Friday, January 25, 2013

Guest Post: Brackish Aquariums

Quite a few of the fish commonly available in pet and aquarium stores nowadays aren't actually freshwater fish, even though that's what they're marketed as. Fish and invertebrates like Figure 8 Puffers, Knight Gobies, Red Claw Crabs, Mollies and Bumblebee Gobies all prefer brackish water, but that's definitely not what the average pet store will tell you! This is because they're afraid they won't sell any of these fish any more if customers find out about their real needs – people are still hesitant when it comes to setting up a brackish tank because they think it will be all about dying plants, boring aquascapes and confusing calculations to figure out the amount of salt needed to do a water change.

It's time to end that myth! Brackish aquariums are definitely not as hard to set up and maintain as many people think, and, like with freshwater tanks, the possibilities are endless! There are many different fish that can be kept in brackish aquariums, so there's always a species for you. However, before we get into choosing a stock, let's learn some more about brackish aquariums and smash some more myths along the way, shall we?

What is brackish water?
Water with a salt grade between fresh and marine is called brackish. This naturally occurs in places where rivers meet the sea, like estuaries. Because the salinity in these places fluctuates with the tides, the water can go from almost fresh to seawater in a few hours time and change back just as quickly. One of the most well-known examples of a brackish habitat are mangrove forests, which is where a lot of our favourite brackish fish species actually come from.

Mangrove from Queensland Australia (public domain)

Brackish water is usually divided into three categories:
Low-end brackish: salinity between 1.001 and 1.008
Mid-end brackish: salinity between 1.009 and 1.0015
High-end brackish: salinity between 1.0016 and 1.022
Water with a salt grade of 1.023+ is considered marine. These categories can help us determine more easily which fish are suitable.

What do I need to start a brackish aquarium?
Hydrometer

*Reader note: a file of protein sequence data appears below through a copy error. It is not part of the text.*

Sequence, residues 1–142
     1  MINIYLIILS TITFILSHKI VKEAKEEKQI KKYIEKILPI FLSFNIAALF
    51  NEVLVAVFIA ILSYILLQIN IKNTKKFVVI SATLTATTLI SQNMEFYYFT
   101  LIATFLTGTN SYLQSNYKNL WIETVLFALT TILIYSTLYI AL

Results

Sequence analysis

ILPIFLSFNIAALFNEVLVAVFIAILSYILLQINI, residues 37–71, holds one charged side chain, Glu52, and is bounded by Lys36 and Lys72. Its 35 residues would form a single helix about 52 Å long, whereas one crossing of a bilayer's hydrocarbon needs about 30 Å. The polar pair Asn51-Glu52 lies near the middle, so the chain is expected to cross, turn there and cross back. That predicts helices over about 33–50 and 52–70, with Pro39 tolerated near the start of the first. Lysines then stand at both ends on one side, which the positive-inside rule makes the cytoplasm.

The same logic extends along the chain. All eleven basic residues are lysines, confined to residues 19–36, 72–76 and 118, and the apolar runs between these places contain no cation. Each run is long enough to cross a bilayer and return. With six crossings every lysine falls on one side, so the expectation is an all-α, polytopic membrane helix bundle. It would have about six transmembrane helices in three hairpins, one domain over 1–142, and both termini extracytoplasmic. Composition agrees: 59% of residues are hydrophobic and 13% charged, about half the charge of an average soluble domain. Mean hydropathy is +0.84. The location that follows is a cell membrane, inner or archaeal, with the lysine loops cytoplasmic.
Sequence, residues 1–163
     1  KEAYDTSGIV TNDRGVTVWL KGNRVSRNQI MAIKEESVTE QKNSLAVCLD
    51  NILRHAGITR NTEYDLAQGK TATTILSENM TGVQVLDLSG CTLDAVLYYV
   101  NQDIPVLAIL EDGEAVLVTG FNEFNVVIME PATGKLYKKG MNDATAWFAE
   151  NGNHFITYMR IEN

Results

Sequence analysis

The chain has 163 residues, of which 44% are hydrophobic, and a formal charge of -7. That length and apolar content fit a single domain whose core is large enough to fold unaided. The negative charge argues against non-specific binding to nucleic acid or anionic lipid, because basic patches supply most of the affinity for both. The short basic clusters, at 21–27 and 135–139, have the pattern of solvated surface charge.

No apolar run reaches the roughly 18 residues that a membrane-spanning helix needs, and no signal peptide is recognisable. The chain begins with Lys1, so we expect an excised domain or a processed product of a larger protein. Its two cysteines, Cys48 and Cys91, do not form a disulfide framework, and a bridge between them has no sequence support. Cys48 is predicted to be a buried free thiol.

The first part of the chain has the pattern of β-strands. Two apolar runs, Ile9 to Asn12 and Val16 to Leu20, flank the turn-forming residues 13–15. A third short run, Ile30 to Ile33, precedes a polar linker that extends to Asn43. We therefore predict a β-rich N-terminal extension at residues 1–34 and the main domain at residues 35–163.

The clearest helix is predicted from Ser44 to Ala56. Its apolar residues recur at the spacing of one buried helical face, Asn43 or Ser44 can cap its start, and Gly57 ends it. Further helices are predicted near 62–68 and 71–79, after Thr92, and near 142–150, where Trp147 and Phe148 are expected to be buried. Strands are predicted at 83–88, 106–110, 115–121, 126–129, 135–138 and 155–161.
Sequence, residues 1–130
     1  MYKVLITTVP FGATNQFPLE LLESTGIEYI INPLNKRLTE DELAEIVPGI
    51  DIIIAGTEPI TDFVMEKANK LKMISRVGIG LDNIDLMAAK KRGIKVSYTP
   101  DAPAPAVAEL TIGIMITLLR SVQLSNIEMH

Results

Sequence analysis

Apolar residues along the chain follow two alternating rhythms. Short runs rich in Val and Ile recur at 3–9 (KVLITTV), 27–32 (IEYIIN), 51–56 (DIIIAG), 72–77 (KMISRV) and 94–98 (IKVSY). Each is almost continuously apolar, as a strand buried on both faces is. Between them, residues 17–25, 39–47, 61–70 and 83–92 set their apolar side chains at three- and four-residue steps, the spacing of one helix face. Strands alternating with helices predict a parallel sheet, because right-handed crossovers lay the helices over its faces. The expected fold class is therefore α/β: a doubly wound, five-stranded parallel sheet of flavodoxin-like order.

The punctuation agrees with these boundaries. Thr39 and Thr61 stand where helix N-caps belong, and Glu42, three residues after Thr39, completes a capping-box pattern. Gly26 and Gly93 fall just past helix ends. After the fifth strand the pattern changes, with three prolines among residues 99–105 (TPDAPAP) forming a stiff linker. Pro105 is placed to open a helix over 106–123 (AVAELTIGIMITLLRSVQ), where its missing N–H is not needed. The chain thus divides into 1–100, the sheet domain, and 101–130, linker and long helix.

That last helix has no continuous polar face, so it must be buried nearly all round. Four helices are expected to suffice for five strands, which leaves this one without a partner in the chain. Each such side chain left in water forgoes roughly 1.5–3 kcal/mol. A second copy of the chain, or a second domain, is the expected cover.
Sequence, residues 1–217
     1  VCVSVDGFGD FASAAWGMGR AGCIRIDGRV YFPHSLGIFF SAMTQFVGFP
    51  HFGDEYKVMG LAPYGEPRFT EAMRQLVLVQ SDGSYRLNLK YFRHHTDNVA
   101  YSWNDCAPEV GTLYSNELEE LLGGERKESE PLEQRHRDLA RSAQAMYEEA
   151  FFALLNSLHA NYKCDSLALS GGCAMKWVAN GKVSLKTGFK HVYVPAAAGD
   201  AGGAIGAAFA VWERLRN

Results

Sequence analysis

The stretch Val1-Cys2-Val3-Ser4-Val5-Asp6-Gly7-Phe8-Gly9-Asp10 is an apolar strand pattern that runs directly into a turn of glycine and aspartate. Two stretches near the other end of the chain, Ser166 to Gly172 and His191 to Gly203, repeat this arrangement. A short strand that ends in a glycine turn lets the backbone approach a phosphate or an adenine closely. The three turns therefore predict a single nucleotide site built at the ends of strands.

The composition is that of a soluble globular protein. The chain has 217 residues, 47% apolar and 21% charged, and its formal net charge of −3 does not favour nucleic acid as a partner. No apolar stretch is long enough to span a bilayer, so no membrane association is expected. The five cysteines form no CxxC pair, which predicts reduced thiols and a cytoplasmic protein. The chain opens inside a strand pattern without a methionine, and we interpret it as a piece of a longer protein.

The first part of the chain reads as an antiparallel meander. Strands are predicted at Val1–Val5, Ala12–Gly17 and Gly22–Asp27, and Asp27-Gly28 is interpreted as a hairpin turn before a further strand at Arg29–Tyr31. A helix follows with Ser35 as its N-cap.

(public domain)
Contrary to popular belief, you don't actually need a lot of expensive extra technology to start a brackish aquarium. Just like with freshwater tanks, you're going to need a filter, a tank hood/light, a heater, a (liquid) water testing set and a thermometer. A salt meter is also very important – without it, it's very hard to know whether your aquarium water is actually at the right salinity and mistakes are easily made. Refractometers (very accurate, but unfortunately also quite expensive) are usually recommended, but a hydrometer (less accurate, but much, much cheaper) is fine for most brackish aquariums too. Just make sure you get a salt meter that measures from 1.000 up – some are made specifically for reef tanks and start at much higher salinities (1.020+). A protein skimmer isn't necessary for a brackish aquarium.

How do I make brackish water?
Making brackish water is actually very easy; you just need water and marine aquarium salt. Some sites will tell you table salt is fine too, but table salt often contains iodine and anti caking agents, which can hurt your fish. Even “pure” salt, which is just NaCl and nothing else (and therefore often used for salt baths), isn't suitable – it doesn't contain the trace elements needed for a healthy aquarium and healthy fish. Marine aquarium salt is the way to go! To determine how much salt you need for a certain salinity easy, try one of the many online calculators so you don't have to figure it out yourself.